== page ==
Bullard left Williston State, a junior college in North Dakota, after a coaching change at the end of his freshman year, and came to Caldwell Tech in Hudson for his sophomore season to be closer to home; he averaged 9.3 points per game in each of his two junior-college seasons, with 5.5 rebounds and 2.8 assists per game at Caldwell Tech. After expending his junior-college eligibility, he transferred to Newberry for his junior year, averaging 5.8 points, 3.1 rebounds and 1.2 assists per game in 2017-18, before opting to finish his career close to home at UNCP.

Bullard says that easing the travel for his family, particularly his mom Kylene Chavis, has been a huge positive of playing for the Braves.

“It’s undescribable. I never thought I’d be back home,” Bullard said. “My mom used to try to travel to every game, and now it’s just four minutes down the street. It’s love, I love it to death. My grandmother couldn’t come to a lot of games (before), because she’s older, and now she’s almost at every game. I love it here.”

As he plays his senior year at UNCP, the Braves sit at 20-5 on the season with a Peach Belt Conference-best 14-3 league mark, and Bullard has gotten to enjoy a great team atmosphere.

“This is honestly the best team I’ve ever been a part of, and it’s on and off the court,” Bullard said. “Off the court, we do stuff together, not playing, we just link up and go places, everything. We’ve just got bonds everywhere possible.”

Bullard isn’t sure what’s next for him after he finishes his degree in sport management. But the immediate future for both Bullard and the Braves will be spent trying to win a conference championship.

“He has a lot of heart,” Jones said. “And just his road to get back to home and play in front of family and friends, and have the opportunity to have a great season, possibly win a ring, go deep inside the postseason, I’m super happy for him.”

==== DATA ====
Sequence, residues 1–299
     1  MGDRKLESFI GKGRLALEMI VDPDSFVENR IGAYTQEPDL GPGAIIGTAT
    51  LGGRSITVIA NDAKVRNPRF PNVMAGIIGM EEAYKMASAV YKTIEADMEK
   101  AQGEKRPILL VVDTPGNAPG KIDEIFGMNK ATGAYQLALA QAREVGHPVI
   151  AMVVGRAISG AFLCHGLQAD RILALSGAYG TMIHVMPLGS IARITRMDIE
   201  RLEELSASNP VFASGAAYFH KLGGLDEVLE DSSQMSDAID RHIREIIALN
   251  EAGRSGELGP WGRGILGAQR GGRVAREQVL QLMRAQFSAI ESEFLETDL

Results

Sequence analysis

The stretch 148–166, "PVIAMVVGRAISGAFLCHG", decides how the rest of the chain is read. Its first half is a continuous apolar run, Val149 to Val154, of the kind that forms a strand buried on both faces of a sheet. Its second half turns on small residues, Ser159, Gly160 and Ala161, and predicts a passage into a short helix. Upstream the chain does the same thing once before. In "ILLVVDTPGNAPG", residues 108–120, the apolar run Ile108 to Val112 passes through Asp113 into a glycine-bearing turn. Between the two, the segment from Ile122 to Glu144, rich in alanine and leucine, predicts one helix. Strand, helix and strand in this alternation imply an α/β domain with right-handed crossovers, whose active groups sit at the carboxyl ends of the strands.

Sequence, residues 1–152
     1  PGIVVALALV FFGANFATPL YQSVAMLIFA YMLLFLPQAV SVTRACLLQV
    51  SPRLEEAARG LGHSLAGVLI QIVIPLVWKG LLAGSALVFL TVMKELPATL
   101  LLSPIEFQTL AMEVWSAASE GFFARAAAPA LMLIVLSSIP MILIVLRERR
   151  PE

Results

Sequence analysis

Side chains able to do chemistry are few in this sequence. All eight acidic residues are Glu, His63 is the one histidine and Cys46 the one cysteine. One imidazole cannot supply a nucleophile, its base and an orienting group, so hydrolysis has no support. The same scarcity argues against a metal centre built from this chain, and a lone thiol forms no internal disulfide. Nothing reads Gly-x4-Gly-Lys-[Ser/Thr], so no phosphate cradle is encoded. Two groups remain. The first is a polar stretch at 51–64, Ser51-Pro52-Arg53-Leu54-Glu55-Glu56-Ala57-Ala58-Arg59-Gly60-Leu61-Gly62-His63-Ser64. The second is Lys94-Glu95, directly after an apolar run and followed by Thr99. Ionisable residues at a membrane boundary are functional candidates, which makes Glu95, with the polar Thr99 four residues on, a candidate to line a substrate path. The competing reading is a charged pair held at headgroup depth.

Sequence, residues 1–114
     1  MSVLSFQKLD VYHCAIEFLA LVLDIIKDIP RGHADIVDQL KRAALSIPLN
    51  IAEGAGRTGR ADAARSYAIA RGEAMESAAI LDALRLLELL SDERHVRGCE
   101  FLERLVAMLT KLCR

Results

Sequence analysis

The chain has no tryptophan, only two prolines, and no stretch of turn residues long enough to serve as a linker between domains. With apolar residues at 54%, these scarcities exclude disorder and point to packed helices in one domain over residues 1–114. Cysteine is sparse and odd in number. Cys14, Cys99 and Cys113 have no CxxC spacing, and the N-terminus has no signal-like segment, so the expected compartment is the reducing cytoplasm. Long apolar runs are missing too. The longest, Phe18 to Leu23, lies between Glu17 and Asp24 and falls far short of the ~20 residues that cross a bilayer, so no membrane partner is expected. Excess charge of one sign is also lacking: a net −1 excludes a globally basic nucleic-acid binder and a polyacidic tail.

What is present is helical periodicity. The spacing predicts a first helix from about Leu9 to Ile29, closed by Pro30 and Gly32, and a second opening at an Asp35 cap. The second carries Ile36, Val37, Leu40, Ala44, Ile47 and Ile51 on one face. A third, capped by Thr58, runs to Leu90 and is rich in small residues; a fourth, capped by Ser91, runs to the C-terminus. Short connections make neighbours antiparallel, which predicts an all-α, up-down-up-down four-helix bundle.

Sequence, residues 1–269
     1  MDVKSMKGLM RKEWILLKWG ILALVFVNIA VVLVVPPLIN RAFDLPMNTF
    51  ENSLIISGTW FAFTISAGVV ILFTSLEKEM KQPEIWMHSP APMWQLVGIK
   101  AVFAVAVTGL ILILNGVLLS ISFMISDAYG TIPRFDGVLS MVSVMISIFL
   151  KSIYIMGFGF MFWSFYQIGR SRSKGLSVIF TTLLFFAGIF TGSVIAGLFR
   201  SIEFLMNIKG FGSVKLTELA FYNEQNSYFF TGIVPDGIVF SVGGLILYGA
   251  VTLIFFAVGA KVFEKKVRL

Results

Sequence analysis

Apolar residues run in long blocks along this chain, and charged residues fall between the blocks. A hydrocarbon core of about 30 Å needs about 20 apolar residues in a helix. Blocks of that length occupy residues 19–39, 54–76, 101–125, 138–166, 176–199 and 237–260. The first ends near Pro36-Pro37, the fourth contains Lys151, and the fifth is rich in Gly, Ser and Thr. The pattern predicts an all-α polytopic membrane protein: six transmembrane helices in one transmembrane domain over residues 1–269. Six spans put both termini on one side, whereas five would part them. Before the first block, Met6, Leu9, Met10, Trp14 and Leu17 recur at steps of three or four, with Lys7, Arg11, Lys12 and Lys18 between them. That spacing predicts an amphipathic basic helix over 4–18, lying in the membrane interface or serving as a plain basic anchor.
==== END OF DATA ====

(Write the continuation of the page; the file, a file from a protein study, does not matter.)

“I’ve never had a ring, not in high school, I’ve never gotten close,” Bullard said. “That’s just a dream come true, if we really do that. That’s our goal as a team.”

And if UNCP does earn that title, Bullard will be the Brave who has traveled the longest road to reach that goal, even from just a few miles away.

UNCP Athletics UNC Pembroke guard Jabrie Bullard dribbles during a game earlier this season against Francis Marion at the English E. Jones Center in Pembroke. The Prospect native returned home to UNCP after playing his first three collegiate seasons elsewhere.
https://www.robesonian.com/wp-content/uploads/2020/02/web1_AF4P9174.jpgUNCP Athletics UNC Pembroke guard Jabrie Bullard dribbles during a game earlier this season against Francis Marion at the English E. Jones Center in Pembroke. The Prospect native returned home to UNCP after playing his first three collegiate seasons elsewhere.
Prospect’s Bullard finishing college career at UNCP

Chris Stiles

Staff Writer

Chris Stiles can be reached at 910-816-1989 or by email at [email protected] You can follow him on Twitter at @StilesOnSports.

Chris Stiles can be reached at 910-816-1989 or by email at [email protected] You can follow him on Twitter at @StilesOnSports.